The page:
Medications for opioid use disorder, including buprenorphine hydrochloride and methadone hydrochloride, are highly effective at improving outcomes for individuals with the disorder. For pregnant women, use of these medications also improves pregnancy outcomes, including the risk of preterm birth. Despite the known benefits of medications for opioid use disorder, many pregnant and nonpregnant women with the disorder are not receiving them.
To determine whether pregnancy and insurance status are associated with a woman’s ability to obtain an appointment with an opioid use disorder treatment clinician.
Design, Setting, and Participants
In this cross-sectional study with random assignment of clinicians and simulated-patient callers (performed in “secret shopper” format), outpatient clinics that provide buprenorphine and methadone were randomly selected from publicly available treatment lists in 10 US states (selected for variability in opioid-related outcomes and policies) from March 7 to September 5, 2019. Pregnant vs nonpregnant woman and private vs public insurance assigned randomly to callers to create unique patient profiles. Simulated patients called the clinics posing as pregnant or nonpregnant women to obtain an initial appointment with a clinician.
Main Outcomes and Measures
Appointment scheduling, wait time, and out-of-pocket costs.
A total of 10 871 unique patient profiles were assigned to 6324 clinicians. Among all women, 2312 of 3420 (67.6%) received an appointment with a clinician who prescribed buprenorphine, with lower rates among pregnant vs nonpregnant callers (1055 of 1718 [61.4%] vs 1257 of 1702 [73.9%]; relative risk, 0.83; 95% CI, 0.79-0.87). For clinicians who prescribed methadone, there was no difference in appointment access for pregnant vs nonpregnant callers (240 of 271 [88.6%] vs 237 of 265 [89.4%]; relative risk, 0.99; 95% CI, 0.93-1.05). Insurance was frequently not accepted, with 894 of 3420 buprenorphine-waivered prescribers (26.1%) and 174 of 536 opioid treatment programs (32.5%) granting appointments only when patients agreed to pay cash. Median wait times did not differ between pregnant and nonpregnant callers among buprenorphine prescribers (3 days [interquartile range, 1-7 days] vs 3 days [interquartile range, 1-7 days]; P = .43) but did differ among methadone prescribers (1 day [interquartile range, 1-4 days] vs 2 days [interquartile range, 1-6 days]; P = .049). For patients agreeing to pay cash, the median out-of-pocket costs for initial appointments were $250 (interquartile range, $155-$300) at buprenorphine prescribers and $34 (interquartile range, $15-$120) at methadone prescribers.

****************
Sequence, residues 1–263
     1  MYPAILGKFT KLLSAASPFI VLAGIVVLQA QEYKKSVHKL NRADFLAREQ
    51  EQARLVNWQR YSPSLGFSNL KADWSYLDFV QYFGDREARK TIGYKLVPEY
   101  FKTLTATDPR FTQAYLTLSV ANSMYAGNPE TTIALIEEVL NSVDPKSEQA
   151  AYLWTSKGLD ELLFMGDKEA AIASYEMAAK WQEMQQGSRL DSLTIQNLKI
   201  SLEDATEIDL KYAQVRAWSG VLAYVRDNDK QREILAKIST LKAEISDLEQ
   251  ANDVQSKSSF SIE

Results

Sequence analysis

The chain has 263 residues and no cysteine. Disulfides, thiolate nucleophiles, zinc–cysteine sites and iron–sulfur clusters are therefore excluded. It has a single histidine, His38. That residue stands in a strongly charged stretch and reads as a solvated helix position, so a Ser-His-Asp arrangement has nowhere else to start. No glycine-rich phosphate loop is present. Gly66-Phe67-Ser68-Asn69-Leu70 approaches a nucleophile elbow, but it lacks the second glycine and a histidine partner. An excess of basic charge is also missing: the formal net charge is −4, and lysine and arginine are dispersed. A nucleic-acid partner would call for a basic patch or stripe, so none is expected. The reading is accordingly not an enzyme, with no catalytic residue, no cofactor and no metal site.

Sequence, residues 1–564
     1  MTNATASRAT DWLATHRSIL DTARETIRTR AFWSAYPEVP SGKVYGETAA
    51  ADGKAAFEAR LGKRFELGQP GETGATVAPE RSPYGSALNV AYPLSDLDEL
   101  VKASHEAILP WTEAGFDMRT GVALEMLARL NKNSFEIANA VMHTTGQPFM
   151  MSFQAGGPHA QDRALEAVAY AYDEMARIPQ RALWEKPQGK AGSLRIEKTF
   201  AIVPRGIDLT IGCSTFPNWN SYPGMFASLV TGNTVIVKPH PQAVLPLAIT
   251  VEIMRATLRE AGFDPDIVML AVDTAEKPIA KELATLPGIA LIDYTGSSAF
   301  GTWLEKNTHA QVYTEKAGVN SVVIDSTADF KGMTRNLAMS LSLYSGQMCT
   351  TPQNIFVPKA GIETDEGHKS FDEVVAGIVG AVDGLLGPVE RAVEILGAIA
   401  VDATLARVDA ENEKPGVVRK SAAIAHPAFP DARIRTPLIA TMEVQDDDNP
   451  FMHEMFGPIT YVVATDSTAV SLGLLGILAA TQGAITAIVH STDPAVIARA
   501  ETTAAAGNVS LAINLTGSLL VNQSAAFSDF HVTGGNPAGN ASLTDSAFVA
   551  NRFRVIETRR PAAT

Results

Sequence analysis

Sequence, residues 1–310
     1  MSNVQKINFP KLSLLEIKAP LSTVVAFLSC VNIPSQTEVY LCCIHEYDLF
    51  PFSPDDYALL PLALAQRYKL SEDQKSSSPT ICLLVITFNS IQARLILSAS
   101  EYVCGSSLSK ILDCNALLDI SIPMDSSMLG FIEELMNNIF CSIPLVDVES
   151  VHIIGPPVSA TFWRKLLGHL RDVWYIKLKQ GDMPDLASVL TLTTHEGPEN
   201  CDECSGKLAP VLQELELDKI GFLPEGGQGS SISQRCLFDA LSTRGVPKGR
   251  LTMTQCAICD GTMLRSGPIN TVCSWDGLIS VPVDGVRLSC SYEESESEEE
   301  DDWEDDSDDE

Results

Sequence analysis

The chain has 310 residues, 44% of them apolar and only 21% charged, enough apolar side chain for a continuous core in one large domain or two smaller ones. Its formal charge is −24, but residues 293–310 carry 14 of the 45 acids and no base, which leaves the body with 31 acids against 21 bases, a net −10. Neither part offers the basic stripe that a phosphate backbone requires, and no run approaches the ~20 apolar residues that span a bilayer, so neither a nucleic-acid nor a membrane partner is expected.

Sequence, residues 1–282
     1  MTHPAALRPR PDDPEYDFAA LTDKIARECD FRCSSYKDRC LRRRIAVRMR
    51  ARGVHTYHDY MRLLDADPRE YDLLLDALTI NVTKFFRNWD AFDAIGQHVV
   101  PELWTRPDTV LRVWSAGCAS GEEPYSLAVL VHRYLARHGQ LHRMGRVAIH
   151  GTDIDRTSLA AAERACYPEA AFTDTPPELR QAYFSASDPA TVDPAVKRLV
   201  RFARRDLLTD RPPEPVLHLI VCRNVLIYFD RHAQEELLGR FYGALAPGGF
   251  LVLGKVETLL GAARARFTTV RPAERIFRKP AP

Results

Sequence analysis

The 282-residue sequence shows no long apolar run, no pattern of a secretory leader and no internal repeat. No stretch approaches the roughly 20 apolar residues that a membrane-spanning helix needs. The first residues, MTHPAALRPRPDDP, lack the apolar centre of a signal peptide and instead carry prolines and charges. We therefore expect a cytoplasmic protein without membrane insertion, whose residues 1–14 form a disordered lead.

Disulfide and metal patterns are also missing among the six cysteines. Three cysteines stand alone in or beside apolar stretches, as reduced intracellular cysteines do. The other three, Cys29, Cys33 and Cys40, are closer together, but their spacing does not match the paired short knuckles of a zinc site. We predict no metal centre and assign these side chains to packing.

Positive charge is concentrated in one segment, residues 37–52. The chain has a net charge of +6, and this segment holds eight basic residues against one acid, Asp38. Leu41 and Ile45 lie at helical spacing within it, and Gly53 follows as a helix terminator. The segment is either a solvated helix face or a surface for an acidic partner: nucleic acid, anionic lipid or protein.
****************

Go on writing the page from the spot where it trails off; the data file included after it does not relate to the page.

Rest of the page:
Conclusions and Relevance